The draft policy drew mixed reactions from stakeholders. While local e-commerce company Snapdeal welcomed the policy, Amazon was guarded in its reaction.
A Snapdeal spokesperson said the draft policy’s “categorical rejection of inventory-based e-commerce model must be followed by effective implementation of FDI norms to ensure marketplaces do not own or control inventory, directly or indirectly”.
A spokesperson for Amazon India said that the company is studying the draft policy and will provide its inputs during the public review period.
“We look forward to an enabling policy to serve over 4.5 lakh sellers and a policy that will allow us to scale up our logistics network, create new jobs and infrastructure, digitise payments and delight our customers.”
Rameesh Kailasam, CEO of industry group IndiaTech, said the draft recognises the need for a permanent establishment in India for e-commerce companies operating locally and supports provisions that will contribute to a level-playing field.
“This cannot be termed as protectionist as it applies and binds any entity whether owned by a foreign or Indian company which may be registered outside India but serves the Indian market and does not have a permanent establishment here,” he said.
IndiaTech represents Indian internet companies such as MakeMyTrip, Ola and Hike and investors such as Steadview Capital, Matrix Partners and Kalaari Capital.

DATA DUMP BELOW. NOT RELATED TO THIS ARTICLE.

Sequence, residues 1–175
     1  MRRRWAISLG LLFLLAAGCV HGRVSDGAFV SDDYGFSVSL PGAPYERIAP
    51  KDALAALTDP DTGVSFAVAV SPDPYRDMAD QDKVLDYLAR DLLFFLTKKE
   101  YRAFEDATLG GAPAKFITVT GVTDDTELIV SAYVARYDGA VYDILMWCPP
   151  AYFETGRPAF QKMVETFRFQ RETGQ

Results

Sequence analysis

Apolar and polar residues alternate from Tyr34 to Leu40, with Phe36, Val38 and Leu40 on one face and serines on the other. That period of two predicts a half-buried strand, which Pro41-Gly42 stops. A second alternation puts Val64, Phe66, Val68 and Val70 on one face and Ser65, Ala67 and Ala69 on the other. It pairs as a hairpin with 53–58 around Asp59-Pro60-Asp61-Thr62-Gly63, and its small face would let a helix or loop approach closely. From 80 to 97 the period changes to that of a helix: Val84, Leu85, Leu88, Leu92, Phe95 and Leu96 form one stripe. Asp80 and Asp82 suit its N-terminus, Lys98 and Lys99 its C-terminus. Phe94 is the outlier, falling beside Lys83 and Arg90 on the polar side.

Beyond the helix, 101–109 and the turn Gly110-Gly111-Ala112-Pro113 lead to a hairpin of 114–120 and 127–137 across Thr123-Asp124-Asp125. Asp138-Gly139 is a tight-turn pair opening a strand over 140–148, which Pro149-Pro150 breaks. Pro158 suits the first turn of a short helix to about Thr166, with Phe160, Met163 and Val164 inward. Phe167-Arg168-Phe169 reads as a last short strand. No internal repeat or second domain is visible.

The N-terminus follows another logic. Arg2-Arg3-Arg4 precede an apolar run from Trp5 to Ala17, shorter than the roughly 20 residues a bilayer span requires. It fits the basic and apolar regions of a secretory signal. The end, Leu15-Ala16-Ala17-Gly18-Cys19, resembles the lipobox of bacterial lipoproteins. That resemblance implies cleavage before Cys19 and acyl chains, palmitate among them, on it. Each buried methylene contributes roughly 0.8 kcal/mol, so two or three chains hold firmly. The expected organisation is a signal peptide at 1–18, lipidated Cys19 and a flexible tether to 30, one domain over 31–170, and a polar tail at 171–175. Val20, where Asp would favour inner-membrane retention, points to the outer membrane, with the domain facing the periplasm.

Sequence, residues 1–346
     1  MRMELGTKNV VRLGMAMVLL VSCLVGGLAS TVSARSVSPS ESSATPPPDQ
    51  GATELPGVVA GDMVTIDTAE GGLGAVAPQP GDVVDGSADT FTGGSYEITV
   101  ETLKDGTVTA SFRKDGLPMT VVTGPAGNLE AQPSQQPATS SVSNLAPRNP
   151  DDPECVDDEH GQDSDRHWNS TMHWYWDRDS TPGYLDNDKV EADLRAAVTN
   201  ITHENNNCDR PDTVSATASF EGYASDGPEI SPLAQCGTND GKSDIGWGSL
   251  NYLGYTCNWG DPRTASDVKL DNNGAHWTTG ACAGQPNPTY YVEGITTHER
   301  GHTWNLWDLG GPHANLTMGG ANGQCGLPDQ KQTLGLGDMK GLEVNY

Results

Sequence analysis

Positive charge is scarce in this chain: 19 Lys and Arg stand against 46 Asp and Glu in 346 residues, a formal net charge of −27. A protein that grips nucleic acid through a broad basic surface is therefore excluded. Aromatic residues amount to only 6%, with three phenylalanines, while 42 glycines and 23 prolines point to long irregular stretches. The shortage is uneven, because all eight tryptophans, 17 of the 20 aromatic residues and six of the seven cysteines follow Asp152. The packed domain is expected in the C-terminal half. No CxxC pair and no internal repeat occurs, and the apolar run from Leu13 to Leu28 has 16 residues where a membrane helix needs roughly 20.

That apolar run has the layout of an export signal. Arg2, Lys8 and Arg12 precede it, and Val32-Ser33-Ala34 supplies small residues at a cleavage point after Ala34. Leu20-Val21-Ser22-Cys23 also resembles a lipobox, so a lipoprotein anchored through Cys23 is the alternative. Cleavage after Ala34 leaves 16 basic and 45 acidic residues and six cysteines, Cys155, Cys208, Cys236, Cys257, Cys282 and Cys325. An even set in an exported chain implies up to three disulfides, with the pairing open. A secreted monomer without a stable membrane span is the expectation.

Kailasam also said that the draft for the first time acknowledges the ongoing negotiations at the World Trade Organization that may have a bearing on India not only in the e-commerce sector but also the potential impact it may have on other industries.
“Given that India has a thriving ecosystem of technology companies and startups, accepting a permanent moratorium on custom duties could be detrimental to their future growth since Indian startups are yet to reach a critical mass and India still needs time to move up the digital economy curve," said Kailasam.
The All India Online Vendors Association said in a tweet that the draft covered a lot of issues and made some bold decisions. But a spokesperson for the industry group said marketplaces should not be allowed to penalise sellers for selling counterfeit products.